What tools you use for embedded development largely depends on which chip manufacturer you choose, along with the resulting CPU architecture. This post focuses largely on ARM Cortex processors.

Each of the chip manufacturers provides a suite of tools for creating, editing and testing your projects, however the editing experience can leave much to be desired and the projects can be difficult to manage as they grow in size. Embracing modern cross-platforming tooling can open up a whole set of new ways to build and manage your projects.

Operating System

When it comes to operating system support, many of the tools target the main three; Linux, macOS and Windows. There is of course tooling that targets a single OS, such as IAR Embedded Workbench, however these tend to be the exception.

For the purpose of this post, I will be focusing primarily on cross-platform tooling


The first tool you need to install is Git. Git is the most common version control system available today and is the backend for GitHub and Azure DevOps. Regardless of whether you are using hosted Git, or hosting your own, the first thing you want to do is setup your repository to store your code along with all changes.

The learning curve for Git can be steep, however there are tools (such as VSCode) available that provide a simplified interface that can get you through some of the more common everyday tasks.


CMake is a textual based build system, that lets you define the hierarchy different targets within your project and how they combine together to form your final executables. At a high level there are two parts to the system; Define the libraries and executables, Define the toolchain

Some of the benefits of using CMake compared to a traditional GUI build environment are:

  1. No more searching through GUI menus trying to figure out how to disable/enable a particular feature
  2. Multiple build targets (debug/release) are easy and usually contained within the toolchain definition
  3. Create your build system once and pull in different compilers by passing in a different toolchain

Learning CMake can be daunting task and can push you out of your comfort zone compared to a visual file hierarchy and a menu of predefined options, however I believe the pros outweigh the cons.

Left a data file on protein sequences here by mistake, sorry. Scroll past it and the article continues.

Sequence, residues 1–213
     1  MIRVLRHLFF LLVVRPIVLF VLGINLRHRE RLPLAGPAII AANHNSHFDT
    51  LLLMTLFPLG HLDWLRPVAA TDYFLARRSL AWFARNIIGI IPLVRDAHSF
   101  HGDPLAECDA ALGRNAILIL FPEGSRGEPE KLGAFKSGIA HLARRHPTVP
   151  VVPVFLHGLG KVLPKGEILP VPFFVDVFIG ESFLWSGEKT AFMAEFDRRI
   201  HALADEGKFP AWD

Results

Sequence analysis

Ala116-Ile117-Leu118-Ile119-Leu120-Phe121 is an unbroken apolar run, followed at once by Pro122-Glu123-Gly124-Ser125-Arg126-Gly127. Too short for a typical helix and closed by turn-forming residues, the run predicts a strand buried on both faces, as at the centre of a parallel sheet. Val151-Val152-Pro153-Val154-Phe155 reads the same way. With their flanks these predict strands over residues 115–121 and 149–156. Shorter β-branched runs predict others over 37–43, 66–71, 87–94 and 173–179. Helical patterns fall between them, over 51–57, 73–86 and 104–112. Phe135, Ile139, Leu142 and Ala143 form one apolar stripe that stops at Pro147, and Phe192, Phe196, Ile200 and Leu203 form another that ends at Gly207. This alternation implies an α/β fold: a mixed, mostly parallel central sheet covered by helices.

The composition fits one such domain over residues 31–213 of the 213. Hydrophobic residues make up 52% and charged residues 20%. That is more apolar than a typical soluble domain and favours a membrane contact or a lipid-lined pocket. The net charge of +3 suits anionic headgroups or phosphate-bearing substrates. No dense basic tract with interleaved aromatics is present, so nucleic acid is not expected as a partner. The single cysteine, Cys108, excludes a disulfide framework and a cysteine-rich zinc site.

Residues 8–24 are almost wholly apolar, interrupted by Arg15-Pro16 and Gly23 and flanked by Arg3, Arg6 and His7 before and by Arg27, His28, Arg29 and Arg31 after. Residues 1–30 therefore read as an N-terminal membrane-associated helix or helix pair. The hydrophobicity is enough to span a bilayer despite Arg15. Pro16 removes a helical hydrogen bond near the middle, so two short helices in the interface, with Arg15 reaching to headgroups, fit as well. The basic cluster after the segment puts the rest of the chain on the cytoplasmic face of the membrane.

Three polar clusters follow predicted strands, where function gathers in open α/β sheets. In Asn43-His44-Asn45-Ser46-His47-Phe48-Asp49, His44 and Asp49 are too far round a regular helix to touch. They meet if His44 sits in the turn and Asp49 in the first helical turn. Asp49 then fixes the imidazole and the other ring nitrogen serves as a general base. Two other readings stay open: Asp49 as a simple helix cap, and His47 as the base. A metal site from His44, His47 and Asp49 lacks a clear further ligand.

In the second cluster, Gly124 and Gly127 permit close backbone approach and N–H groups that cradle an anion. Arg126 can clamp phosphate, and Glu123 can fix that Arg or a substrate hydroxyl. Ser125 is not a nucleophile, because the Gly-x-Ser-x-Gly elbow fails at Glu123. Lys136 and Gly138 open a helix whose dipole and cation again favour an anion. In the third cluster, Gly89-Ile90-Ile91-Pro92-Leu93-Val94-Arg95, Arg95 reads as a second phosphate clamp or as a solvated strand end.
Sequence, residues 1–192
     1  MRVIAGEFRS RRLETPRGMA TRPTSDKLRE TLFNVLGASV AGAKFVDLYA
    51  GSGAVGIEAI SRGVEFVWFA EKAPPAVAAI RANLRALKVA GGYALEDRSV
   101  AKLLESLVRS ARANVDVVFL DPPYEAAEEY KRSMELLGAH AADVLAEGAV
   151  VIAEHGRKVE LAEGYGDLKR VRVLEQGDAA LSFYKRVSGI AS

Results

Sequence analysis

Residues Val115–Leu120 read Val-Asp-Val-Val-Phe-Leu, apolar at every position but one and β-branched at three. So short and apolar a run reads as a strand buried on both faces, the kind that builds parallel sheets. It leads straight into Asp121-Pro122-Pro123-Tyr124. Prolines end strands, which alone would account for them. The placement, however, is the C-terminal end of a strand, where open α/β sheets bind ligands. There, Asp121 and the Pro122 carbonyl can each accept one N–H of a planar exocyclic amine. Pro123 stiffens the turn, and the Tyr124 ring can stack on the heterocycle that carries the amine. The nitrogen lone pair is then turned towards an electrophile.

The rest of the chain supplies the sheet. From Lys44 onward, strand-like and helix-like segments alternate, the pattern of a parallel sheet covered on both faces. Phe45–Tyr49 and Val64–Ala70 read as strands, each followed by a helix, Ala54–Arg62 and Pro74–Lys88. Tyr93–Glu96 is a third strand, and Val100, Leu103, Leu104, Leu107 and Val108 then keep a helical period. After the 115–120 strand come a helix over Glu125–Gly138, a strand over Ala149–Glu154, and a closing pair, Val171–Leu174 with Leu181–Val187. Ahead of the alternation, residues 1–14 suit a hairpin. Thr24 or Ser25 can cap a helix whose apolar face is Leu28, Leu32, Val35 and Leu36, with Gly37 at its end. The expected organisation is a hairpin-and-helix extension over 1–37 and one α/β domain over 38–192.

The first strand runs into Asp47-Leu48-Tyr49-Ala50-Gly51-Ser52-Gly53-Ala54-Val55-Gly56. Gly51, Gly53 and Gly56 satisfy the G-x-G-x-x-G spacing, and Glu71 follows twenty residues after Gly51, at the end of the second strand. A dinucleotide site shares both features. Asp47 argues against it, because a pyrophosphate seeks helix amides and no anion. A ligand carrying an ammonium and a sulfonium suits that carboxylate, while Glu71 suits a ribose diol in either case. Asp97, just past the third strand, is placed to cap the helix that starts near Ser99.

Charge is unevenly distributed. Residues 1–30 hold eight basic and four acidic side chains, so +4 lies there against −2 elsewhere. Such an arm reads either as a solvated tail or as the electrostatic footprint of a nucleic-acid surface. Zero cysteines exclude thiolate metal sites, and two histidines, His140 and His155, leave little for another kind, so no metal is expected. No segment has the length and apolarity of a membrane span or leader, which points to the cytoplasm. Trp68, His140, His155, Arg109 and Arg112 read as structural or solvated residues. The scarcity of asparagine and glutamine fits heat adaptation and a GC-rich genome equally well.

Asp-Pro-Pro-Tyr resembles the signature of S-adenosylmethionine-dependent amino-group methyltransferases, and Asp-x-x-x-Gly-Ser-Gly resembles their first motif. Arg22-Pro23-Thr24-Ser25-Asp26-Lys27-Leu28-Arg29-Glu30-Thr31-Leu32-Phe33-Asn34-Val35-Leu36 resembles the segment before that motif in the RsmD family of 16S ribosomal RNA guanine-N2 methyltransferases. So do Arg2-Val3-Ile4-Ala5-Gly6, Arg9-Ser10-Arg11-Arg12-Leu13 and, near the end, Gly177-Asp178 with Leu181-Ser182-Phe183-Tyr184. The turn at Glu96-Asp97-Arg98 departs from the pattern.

For a more in-depth understanding of creating a toolchain, read Embedded Development with CMake and Arm GCC.


Ninja goes hand-in-hand with CMake to build the final executables, however it is a separate install so worth calling out. Designed to run builds as fast as possible, its perfect for building projects containing many files, which can be the case if you are incorporating an RTOS such as Azure RTOS or FreeRTOS as well as other embedded development libraries like the HAL.

Build Chain & Debugger

The compiler and linker and parts of the build chain most often used when building your embedded binary. The compiler will convert the source code into object files, and the linker will combine all the object files together into the resulting final binary.

For the Arm architecture, there are three main compilers to choose from for embedded development:

  • GNU: GCC toolchain built distributed by Arm (Free)
  • IAR: IAR Embedded Workbench (Paid)
  • Keil: Keil MDK (Paid)

VSCode with Extensions

My favorite editor for Embedded development is VSCode. Tied together with extensions below, it provides a complete editing / debugging environment for most users.

  • CMake Tools: Integrated support for CMake providing native build support.
  • CMake: Syntax highlighting and auto-completion for editing CMake files
  • C/C++: IntelliSense and debugging support for C and C++
  • Cortex-Debug: Debugging support for ARM Cortex-M MCU's though J-Link and OpenOCD
  • Embedded Tools: A new debugging environment in Preview that provides similar capabilities to Cortex-Debug with a focus on supporting Azure RTOS and FreeRTOS

Download Links

  1. Git
  2. Arm GNU Toolchain
  3. CMake
  4. Ninja
  5. VSCode